Race to Help Largest, Rarest Tortoise

    29 September 2023

    The average life expectancy of North America's largest and rarest tortoise species is unknown. But scientists say the animals could live more than 100 years.

    The Bolson tortoise is an endangered species. Saving it from extinction is a long-term project. But a conservation effort took a step toward that goal last week.

    United States wildlife officials reached an agreement with the Turner Endangered Species Fund. The deal permits the release of Bolson tortoises on land owned by Ted Turner, a media industry leader.

    Gertie, an endangered Bolson tortoise, is shown to a group of state and federal wildlife officials during a trip to Ted Turner's Armendaris Ranch in Engle, N.M., on Friday, Sept. 22, 2023. (AP Photo/Susan Montoya Bryan)
    Gertie, an endangered Bolson tortoise, is shown to a group of state and federal wildlife officials during a trip to Ted Turner's Armendaris Ranch in Engle, N.M., on Friday, Sept. 22, 2023. (AP Photo/Susan Montoya Bryan)

    The release of captive tortoises on the Armendaris Ranch is designed to create a free-roaming population. Last week, 20 adult tortoises were released on the property, which is already home to 23 of them. There are also many younger tortoises.

    The tortoises usually spend about 85 percent of the time in their underground burrows, which in some cases can be about 20 meters long. The animals live long lives and are slow to reproduce.

    Shawn Sartorius is with the Fish and Wildlife Service. He said the results of the breeding and restoration project will not be seen in his lifetime.

    "What we're doing here is establishing a population here that can be handed off to the next generation," Sartorius said.

    It is a step toward one day releasing the tortoises in more places in the Southwest. Conservationists are also pushing the federal government to consider creating a recovery plan for the species. The tortoise is part of a growing effort to find new homes for endangered species as they flee climate change and other threats to their natural habitats.

    Wild Bolson tortoises are found only in the grasslands of north-central Mexico. The animal once lived in a much greater area that included the southwestern United States. Fossil records also show it was once present it the southern Great Plains, including parts of Texas and Oklahoma.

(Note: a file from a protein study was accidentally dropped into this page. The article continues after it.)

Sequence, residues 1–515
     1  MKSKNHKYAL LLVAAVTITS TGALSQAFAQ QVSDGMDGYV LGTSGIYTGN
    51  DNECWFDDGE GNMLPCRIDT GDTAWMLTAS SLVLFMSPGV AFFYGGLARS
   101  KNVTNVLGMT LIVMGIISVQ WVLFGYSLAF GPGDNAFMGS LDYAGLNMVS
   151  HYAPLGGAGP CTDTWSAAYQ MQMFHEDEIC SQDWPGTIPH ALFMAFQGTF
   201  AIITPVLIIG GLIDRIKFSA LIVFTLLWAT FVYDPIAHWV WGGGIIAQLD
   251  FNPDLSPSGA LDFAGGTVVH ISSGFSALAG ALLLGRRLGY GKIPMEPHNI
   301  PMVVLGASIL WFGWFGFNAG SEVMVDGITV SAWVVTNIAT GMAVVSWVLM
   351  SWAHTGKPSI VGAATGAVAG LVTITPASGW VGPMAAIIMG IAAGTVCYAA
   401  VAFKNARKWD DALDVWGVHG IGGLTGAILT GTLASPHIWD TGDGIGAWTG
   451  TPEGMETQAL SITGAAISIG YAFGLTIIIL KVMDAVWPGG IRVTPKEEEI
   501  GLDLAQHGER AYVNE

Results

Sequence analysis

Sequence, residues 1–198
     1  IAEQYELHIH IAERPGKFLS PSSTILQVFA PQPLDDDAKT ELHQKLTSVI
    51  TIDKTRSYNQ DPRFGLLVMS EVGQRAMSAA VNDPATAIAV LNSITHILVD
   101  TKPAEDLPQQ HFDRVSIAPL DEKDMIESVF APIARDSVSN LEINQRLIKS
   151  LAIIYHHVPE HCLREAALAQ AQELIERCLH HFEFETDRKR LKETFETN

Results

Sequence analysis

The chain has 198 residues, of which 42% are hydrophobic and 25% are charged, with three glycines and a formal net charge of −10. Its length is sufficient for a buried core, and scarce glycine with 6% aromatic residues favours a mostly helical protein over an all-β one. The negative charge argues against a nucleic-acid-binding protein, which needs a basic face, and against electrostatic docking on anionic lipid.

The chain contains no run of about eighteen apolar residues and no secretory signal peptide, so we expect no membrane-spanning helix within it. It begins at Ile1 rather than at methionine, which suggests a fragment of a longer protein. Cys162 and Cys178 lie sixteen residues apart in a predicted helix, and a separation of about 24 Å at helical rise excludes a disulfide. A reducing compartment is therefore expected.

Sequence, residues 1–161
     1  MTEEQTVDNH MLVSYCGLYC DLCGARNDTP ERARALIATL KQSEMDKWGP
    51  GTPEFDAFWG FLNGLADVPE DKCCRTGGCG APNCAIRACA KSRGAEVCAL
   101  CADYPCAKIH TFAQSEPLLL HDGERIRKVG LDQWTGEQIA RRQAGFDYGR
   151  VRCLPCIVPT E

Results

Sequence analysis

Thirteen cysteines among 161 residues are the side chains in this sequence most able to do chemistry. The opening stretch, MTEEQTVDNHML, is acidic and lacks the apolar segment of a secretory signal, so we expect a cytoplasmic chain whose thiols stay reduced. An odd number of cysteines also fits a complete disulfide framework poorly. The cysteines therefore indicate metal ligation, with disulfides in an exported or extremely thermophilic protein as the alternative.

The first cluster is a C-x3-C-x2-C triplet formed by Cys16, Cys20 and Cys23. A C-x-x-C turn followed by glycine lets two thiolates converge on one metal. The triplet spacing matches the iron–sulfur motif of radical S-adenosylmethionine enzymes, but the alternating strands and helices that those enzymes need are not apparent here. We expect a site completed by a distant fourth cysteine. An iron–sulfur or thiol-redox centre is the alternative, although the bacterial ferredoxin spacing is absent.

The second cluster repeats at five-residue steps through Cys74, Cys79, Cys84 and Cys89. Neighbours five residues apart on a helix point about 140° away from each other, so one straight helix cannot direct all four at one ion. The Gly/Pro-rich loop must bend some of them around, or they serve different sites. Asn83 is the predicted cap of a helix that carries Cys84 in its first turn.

Scientists estimate the wild population of Bolson tortoises in Mexico is under 2,500. Experts say the animals are hunted as food and as pets. Their habitat is shrinking, as more desert grasslands become farmland.

    The 1,450 square kilometer Armendaris Ranch appears to be a great area for the tortoises. In all, the Turner Endangered Species Fund and its partners have been able to grow the population from 30 tortoises to about 800, said Chris Wiese. She leads the project at the Armendaris Ranch.

    "The releases are the essential step to getting them back on the ground and letting them be wild tortoises," she said.

    The tortoises released last week will be able to live freely in the 6.6-hectare pen. They are given electronic trackers, and wildlife workers will check on them once a year.

    Depending on weather and other factors, it can take a few years or more for a hatchling to reach just over 110 millimeters long. They can eventually grow to about 370 millimeters.

    The species was unknown to science until the late 1950s and has not been studied closely.

    The goal is to build a strong captive population that can be used as research for future releases into the wild — both in the U.S. and Mexico. That work will include getting state and federal permits to release tortoises outside Turner lands.

    Those recently released hit the ground crawling. They wandered through grass and around desert plants as the Fra Cristobal mountain range appeared in the distance.

    It was a moment that Wiese and her team have been working toward for years.

    "We are not in the business of making pets," she said. "We're in the business of making wild animals and that means you have to let them go."

    I'm Dan Novak.

    Dan Novak adapted this story for VOA Learning English based on reporting by The Associated Press.


    Words in This Story

    species — n. a group of animals or plants that are similar and can produce young animals or plants

    extinction — n. the state or situation that results when something has died out completely

    ranch — n. a large farm especially in the U.S. where animals are raised

    burrow — n. a hole or tunnel in the ground that an animal makes to live in or for safety

    breed — v. to keep and take care of animals or plants in order to produce more animals or plants of a particular kind

    fossil — n. something that is from a plant or animal which lived in ancient times and that you can see in some rocks

    essential — adj. extremely important and necessary

    pen — n. a small enclosed area for farm animals